Becca Frankland revisited LCD Soundsystem's glorious second album 'Sound of Silver'.
Last updated: 28th Feb 2017
LCD Soundsystem did everything right in the quest to bring a creative composite of dance and rock to the masses. The Grammy Award nominated Sound of Silver emerged in 2007 when the likes of Hot Chip and Klaxons were boldly exploring the crossover genre’s multifaceted exterior, whilst James Murphy had craftily carved a poignant, more mature, disco-punk masterpiece.
In an an interview with FACT, Murphy spoke about the silver colouring of the studio at the time of creating the album. It’s purpose to remind them of ‘shiny music’ like Heaven 17, T Rex and The Human League. Following on from the debut LP which he considered to be ‘safe’ and ‘beige’ - this was about to be anything but. Sound of Silver was and still is, sterling, bold and futuristic in its approach.
The album consists of nine tracks, none of which are poor. Unlike so many second attempts at creating a full body of work, this one does not fall short three tracks in. Each song brings something different, a new dynamic which disrupts the flow - in a good way.
It opens with ‘Get Innocuous’ (above), a track shaped by staggered synths and a sample of Kraftwerk’s ‘The Robots’. Like with other hugely successful and creative artists (Bowie being one of the most infamous), James Murphy is an expert at taking elements from outside forces and constructing a unique piece of art. Something he does throughout SoS.
It's with the melancholy-tinged 'Someone Great' (below) that we are given something utterly great. The bleeping, bubbling synths and captivating lyrics are topped off with blissful chimes. There's a lightness about the music that's juxtaposed against lyrics that appear to be about a lost love, it's a beautiful balance between hope and despair, but somehow through the music, hope comes out on top.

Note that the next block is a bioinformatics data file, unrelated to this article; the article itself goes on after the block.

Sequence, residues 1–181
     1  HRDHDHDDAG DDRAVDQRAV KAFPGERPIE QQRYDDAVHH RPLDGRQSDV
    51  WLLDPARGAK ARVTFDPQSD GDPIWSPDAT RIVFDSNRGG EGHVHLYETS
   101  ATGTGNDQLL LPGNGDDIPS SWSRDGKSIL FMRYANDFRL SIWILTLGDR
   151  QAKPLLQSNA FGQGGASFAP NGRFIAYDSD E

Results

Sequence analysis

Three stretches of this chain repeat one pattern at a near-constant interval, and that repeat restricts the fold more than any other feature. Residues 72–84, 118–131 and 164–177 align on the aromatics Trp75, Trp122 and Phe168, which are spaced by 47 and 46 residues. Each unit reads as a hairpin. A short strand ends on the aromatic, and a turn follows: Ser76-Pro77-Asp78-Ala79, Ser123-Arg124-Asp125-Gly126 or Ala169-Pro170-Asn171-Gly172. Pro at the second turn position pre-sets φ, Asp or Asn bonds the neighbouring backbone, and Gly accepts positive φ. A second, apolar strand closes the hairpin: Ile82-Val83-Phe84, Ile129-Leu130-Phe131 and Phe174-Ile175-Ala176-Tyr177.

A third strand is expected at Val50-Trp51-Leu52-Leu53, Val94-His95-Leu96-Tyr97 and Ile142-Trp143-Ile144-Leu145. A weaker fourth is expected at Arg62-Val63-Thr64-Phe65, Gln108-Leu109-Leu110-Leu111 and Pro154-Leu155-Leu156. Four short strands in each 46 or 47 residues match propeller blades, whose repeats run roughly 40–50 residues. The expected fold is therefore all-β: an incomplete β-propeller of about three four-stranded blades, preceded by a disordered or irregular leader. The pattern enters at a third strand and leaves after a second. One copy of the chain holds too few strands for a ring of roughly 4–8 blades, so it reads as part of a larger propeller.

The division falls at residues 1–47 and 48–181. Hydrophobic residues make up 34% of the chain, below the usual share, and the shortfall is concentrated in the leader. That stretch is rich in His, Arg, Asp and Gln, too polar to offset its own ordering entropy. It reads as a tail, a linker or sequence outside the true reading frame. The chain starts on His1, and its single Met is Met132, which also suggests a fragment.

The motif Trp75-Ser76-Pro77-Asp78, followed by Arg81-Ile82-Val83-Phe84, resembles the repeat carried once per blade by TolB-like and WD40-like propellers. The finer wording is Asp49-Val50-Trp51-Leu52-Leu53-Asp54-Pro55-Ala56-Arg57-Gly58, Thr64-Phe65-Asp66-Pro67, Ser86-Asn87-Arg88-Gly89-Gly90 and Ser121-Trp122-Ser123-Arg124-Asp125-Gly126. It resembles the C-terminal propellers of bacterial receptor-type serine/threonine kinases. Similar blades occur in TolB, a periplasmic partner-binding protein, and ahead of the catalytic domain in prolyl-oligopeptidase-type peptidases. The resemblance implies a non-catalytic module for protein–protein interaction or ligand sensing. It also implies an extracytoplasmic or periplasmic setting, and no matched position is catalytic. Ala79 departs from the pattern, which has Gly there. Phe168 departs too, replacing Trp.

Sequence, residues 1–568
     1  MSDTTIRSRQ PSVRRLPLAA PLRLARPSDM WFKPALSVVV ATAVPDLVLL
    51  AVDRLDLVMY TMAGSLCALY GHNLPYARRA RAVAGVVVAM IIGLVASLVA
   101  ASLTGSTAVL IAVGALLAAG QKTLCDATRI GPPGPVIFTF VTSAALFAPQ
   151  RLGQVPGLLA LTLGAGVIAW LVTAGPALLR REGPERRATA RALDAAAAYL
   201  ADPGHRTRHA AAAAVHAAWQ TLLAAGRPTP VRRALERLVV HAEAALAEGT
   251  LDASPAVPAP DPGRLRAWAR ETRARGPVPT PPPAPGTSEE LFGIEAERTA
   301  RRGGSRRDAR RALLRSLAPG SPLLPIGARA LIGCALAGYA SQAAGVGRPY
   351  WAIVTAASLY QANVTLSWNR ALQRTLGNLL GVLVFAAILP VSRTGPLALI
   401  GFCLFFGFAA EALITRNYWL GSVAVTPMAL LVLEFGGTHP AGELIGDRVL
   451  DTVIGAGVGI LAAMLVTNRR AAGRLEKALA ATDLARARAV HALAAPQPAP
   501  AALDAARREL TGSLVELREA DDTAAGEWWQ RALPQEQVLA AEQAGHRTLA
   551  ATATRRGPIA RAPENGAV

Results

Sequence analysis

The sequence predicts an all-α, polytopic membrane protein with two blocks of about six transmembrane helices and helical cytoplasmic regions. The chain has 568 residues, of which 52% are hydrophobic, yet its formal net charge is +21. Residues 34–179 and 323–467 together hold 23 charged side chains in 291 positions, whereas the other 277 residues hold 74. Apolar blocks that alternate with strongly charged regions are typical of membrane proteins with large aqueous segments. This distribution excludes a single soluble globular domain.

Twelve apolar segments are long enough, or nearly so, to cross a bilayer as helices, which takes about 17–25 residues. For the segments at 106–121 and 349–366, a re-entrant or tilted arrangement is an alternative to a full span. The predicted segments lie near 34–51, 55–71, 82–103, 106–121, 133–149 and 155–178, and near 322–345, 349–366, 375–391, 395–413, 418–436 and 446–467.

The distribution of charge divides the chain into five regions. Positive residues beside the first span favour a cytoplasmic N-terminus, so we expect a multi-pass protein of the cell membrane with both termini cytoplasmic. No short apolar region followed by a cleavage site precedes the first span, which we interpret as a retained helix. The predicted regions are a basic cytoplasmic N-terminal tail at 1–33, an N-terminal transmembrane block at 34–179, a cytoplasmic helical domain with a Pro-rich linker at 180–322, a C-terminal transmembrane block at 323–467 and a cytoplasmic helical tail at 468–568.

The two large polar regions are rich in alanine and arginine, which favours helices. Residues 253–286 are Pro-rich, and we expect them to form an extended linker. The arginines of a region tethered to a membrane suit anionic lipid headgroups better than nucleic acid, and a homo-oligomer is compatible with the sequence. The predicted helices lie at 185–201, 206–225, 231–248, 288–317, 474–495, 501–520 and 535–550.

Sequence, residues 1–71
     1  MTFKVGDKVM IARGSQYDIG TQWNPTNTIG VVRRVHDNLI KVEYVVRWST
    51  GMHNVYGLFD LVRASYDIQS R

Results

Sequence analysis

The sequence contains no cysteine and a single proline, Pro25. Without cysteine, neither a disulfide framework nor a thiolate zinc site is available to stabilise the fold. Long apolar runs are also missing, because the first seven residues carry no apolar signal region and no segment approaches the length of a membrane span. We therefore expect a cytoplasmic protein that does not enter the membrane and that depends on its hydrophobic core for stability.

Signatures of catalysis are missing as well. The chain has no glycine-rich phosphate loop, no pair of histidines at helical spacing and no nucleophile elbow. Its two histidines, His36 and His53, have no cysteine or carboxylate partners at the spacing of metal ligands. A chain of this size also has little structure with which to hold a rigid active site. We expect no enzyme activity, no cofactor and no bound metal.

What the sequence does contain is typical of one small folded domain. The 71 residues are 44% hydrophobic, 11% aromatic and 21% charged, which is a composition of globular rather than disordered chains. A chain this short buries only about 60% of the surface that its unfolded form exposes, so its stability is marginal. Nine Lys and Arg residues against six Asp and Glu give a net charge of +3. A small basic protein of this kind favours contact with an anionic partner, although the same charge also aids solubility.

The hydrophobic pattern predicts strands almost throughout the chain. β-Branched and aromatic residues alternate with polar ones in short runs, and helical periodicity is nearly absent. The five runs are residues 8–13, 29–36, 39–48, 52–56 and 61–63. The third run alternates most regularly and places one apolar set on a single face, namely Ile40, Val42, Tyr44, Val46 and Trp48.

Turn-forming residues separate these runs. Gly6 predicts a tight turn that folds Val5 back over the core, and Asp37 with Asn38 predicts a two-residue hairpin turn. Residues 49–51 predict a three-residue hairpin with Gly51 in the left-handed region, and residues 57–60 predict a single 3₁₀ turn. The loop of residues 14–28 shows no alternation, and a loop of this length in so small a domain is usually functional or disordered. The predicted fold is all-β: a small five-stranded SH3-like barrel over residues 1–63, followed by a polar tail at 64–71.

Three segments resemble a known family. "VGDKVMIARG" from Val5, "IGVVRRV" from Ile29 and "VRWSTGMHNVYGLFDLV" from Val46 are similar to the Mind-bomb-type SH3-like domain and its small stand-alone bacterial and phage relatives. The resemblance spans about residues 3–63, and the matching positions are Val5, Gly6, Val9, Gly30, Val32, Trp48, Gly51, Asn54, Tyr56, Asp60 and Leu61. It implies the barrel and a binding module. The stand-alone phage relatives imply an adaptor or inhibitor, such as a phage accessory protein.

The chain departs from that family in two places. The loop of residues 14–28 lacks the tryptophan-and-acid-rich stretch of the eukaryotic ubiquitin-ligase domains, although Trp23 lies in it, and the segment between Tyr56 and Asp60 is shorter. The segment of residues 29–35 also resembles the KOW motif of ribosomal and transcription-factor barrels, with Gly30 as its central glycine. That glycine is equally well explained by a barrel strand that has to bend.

'All My Friends' churns up other emotions with its speedy piano and another set of resonating vocals. "If it’s crowded all the better because we know we’re going to be up late", Murphy sings, it's nostalgic but fun and digs up memories from yesteryears.
The title track is testament to their forward-thinking approach, everything sounds electronic, futuristic and polished. The squelchy bass, breaks and rippling synths partnered with with repetitive vocals make this the coldest song of the bunch, apt considering the metallic quality in the name.
The whole album still sounds ahead of its time, even in five years there's no doubt this will be fresh. The emotional pull of these tracks is what keeps them from wearing thin after numerous plays. Even when you think you’re sick of it, try again a few months on, the nostalgia and joy will make you fall in love over, and over again.